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Global Volcanism Program | Image GVP-02917

The 2 x 3.5 km horseshoe-shaped crater at Mount St. Helens is typical of scarps formed by massive landslides. On 18 May 1980 the upper 400 m of the summit was removed, leaving the crater open to the N. This event was the world's largest landslide during historical time. The missing portion of the volcano transitioned into the debris avalanche deposits filling the North Fork Toutle River below the volcano. Photo by Terry Leighley, 1981 (U.S. Geological Survey).

The 2 x 3.5 km horseshoe-shaped crater at Mount St. Helens is typical of scarps formed by massive landslides. On 18 May 1980 the upper 400 m of the summit was removed, leaving the crater open to the N. This event was the world's largest landslide during historical time. The missing portion of the volcano transitioned into the debris avalanche deposits filling the North Fork Toutle River below the volcano.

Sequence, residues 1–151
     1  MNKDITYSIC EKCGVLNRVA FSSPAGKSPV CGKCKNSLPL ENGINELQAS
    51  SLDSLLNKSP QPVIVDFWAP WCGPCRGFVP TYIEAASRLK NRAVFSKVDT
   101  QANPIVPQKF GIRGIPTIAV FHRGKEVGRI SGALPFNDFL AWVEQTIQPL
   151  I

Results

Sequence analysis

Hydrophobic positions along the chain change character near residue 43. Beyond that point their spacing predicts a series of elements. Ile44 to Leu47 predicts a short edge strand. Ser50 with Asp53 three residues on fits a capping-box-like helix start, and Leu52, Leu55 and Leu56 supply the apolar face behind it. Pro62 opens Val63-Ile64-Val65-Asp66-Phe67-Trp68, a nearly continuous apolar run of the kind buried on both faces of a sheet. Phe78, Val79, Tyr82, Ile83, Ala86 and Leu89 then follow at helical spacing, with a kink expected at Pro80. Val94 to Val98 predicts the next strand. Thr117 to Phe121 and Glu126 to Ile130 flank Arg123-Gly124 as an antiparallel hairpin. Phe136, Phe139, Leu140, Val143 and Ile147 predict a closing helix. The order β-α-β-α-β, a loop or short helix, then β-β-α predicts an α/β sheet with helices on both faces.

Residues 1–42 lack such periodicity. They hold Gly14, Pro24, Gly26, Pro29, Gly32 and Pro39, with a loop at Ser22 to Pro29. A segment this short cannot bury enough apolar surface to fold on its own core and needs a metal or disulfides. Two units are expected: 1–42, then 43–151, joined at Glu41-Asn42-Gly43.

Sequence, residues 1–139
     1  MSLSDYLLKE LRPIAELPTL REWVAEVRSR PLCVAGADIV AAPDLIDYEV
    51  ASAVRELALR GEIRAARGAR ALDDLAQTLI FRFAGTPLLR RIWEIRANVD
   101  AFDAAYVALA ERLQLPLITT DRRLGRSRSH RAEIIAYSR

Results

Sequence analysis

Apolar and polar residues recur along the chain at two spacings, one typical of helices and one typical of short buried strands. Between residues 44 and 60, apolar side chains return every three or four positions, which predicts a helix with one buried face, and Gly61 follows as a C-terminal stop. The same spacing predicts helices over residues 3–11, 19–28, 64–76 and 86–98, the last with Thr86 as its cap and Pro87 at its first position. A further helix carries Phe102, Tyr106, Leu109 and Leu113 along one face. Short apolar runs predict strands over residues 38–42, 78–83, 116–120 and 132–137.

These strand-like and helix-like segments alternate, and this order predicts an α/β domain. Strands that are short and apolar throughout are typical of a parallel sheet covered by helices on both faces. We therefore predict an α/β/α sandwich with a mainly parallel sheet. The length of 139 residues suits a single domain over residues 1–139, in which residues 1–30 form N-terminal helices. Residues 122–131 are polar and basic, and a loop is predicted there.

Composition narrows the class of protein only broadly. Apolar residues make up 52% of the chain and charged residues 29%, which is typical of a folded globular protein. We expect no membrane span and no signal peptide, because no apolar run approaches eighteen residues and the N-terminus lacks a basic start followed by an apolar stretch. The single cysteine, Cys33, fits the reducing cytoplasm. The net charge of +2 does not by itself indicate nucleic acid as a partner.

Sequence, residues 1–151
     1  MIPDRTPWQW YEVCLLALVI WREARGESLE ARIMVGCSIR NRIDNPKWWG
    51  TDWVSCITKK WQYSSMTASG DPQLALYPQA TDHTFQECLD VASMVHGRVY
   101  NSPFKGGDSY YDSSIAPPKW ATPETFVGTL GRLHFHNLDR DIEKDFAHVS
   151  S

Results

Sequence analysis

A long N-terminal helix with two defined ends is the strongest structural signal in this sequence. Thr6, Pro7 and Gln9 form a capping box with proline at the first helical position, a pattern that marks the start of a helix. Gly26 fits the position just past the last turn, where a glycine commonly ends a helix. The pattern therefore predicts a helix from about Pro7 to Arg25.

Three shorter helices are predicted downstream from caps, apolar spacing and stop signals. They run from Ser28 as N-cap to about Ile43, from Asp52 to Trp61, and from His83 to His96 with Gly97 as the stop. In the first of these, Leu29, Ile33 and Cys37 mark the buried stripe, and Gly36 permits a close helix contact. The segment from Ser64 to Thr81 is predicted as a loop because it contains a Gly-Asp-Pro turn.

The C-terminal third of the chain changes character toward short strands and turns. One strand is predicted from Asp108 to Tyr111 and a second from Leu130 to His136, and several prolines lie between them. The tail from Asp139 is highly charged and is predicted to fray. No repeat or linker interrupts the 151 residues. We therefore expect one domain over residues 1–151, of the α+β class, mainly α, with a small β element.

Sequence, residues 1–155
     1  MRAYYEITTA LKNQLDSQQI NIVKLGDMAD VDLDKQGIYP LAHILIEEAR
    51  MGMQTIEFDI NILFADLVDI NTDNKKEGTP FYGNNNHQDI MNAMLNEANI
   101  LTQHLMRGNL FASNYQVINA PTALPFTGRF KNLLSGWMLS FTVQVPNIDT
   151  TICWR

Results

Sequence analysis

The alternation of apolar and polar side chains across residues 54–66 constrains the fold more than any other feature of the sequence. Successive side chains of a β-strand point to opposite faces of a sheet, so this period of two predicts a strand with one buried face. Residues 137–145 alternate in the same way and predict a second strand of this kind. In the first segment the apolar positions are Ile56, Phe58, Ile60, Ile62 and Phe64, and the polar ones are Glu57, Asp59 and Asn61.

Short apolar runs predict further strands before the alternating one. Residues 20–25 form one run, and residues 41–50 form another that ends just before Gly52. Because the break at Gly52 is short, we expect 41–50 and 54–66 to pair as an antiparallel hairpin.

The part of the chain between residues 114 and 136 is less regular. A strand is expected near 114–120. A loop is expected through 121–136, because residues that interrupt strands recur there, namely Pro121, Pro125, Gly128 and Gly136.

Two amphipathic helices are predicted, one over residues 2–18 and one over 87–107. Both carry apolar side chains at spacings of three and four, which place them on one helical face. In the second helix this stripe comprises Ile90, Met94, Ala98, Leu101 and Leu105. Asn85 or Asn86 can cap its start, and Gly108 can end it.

Photo by Terry Leighley, 1981 (U.S. Geological Survey).

Creative Commons Icon This image is made available as a Public Domain Work, but proper attribution is appreciated.

Keywords: debris avalanche | landslide scarp | crater


St. Helens